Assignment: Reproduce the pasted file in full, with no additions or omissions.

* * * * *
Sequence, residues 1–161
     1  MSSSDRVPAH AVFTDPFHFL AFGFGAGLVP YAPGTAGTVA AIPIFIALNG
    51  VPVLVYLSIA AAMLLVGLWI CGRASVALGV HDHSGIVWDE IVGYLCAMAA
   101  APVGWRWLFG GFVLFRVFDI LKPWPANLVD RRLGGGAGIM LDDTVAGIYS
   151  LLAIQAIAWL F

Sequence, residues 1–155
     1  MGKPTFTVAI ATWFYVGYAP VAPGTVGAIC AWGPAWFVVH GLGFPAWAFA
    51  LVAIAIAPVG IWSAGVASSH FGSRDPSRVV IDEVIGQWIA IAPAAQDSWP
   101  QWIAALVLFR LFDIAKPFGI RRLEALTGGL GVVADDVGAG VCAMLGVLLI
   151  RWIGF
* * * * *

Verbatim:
Sequence, residues 1–161
     1  MSSSDRVPAH AVFTDPFHFL AFGFGAGLVP YAPGTAGTVA AIPIFIALNG
    51  VPVLVYLSIA AAMLLVGLWI CGRASVALGV HDHSGIVWDE IVGYLCAMAA
   101  APVGWRWLFG GFVLFRVFDI LKPWPANLVD RRLGGGAGIM LDDTVAGIYS
   151  LLAIQAIAWL F

Sequence, residues 1–155
     1  MGKPTFTVAI ATWFYVGYAP VAPGTVGAIC AWGPAWFVVH GLGFPAWAFA
    51  LVAIAIAPVG IWSAGVASSH FGSRDPSRVV IDEVIGQWIA IAPAAQDSWP
   101  QWIAALVLFR LFDIAKPFGI RRLEALTGGL GVVADDVGAG VCAMLGVLLI
   151  RWIGF